Michaels sprained his right ankle while trying to rob a Bernie Williams home run on May 15 in Yankee Stadium. The Indians have been observing the ankle and letting Michaels attempt to work back into game shape.

But after doing agility exercises before Friday's game, Michaels' ankle still wasn't healed enough to allow him to play. And with the Indians needing a roster spot for Sowers, Michaels was placed on the DL.

"He's not rested as quickly as he would have hoped or we would have hoped," head trainer Lonnie Soloff said. "But he is improving."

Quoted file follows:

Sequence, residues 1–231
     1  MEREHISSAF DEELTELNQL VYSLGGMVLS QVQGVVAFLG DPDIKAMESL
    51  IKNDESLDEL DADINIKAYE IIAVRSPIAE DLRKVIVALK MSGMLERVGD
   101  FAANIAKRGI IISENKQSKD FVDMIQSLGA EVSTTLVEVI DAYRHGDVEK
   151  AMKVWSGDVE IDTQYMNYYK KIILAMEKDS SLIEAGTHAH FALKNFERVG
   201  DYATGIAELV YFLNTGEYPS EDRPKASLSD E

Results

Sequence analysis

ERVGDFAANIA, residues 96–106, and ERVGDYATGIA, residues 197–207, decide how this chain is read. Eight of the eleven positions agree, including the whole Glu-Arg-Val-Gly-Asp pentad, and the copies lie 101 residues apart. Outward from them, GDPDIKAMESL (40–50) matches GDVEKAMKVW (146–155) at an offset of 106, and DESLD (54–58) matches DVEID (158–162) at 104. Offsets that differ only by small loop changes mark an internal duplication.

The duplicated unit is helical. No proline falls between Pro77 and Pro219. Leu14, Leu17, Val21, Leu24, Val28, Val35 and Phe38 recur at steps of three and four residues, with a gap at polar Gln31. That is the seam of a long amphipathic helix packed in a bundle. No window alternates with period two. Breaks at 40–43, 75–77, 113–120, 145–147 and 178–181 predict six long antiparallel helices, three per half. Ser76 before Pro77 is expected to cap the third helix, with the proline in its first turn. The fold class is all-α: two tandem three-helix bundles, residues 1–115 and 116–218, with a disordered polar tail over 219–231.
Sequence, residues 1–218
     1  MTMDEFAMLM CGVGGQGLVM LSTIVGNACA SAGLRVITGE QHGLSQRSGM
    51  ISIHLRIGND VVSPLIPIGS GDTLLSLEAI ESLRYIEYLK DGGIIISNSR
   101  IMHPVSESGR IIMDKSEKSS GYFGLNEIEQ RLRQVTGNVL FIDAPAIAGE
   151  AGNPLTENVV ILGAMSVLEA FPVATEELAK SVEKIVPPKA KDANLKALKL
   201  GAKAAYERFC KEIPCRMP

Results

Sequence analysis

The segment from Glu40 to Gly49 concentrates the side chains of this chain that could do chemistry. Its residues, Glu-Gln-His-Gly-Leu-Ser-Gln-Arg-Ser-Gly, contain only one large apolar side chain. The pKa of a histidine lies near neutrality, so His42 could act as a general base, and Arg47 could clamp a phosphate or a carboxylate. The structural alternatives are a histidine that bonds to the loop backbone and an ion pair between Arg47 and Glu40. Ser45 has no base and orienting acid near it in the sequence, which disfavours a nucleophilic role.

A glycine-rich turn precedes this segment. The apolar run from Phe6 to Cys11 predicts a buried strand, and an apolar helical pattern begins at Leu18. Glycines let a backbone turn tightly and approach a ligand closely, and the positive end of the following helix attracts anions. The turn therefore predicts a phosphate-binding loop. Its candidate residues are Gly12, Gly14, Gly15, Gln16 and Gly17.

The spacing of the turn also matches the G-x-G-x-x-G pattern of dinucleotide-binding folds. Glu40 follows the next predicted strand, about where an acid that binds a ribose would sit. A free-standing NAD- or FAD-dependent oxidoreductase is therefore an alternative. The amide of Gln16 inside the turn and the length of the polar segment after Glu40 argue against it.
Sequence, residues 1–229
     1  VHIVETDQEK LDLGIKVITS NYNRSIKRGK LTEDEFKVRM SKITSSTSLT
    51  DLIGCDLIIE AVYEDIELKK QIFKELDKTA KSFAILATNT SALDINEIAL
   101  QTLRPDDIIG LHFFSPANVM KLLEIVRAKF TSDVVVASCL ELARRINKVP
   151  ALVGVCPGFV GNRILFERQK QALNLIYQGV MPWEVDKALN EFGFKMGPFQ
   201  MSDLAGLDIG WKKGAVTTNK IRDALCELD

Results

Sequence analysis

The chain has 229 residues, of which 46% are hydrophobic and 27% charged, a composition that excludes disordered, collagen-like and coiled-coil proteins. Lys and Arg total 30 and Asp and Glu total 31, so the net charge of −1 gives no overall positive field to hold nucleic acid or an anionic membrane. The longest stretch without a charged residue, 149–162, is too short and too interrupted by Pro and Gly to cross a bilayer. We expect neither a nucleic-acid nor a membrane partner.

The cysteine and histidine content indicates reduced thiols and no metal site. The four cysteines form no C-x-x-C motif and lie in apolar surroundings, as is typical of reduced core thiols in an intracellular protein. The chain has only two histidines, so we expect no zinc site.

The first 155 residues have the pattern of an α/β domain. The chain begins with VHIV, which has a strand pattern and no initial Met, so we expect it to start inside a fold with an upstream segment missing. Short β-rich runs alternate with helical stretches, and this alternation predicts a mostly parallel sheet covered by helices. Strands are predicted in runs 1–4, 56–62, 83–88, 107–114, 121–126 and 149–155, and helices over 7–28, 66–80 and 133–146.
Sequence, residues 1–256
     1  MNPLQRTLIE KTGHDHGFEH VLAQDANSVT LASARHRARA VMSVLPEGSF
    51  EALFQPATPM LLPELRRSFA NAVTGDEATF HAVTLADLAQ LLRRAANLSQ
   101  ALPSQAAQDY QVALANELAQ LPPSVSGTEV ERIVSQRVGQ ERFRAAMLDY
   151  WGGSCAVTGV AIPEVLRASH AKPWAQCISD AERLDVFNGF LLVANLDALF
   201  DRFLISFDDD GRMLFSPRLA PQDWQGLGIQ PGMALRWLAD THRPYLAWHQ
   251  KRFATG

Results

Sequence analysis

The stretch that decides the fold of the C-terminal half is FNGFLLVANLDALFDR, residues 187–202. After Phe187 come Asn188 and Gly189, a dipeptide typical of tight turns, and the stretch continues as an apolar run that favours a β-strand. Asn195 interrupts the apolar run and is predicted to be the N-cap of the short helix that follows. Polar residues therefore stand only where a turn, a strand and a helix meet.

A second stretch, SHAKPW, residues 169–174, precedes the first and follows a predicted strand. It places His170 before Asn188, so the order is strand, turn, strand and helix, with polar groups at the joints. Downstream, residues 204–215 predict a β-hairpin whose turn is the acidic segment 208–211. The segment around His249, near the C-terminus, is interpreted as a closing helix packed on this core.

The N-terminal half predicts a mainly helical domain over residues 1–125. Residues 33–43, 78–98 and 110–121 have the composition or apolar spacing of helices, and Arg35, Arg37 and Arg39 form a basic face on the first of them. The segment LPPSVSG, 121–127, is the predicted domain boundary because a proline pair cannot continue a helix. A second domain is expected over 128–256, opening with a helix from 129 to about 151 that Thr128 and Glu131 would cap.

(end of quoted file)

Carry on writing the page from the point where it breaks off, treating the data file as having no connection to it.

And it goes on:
Soloff said that Michaels will resume baseball activities next week. On Monday and Tuesday, he will run the bases and field balls in left field. The team is optimistic Michaels will be able to play when he is eligible to come off the disabled list on July 1.

Equipment drive: The Indians will team up with The Baseball Tomorrow Fund to collect used baseball equipment at Jacobs Field on Sunday before the game against the Reds. Fans are invited to donate equipment, all of which will be donated to the Cleveland Baseball Federation. Also on Sunday, the BTF will donate $5,000 to the United Black Fund of Greater Cleveland.

Here's the question: Who holds the Indians record for most innings pitched in a single game?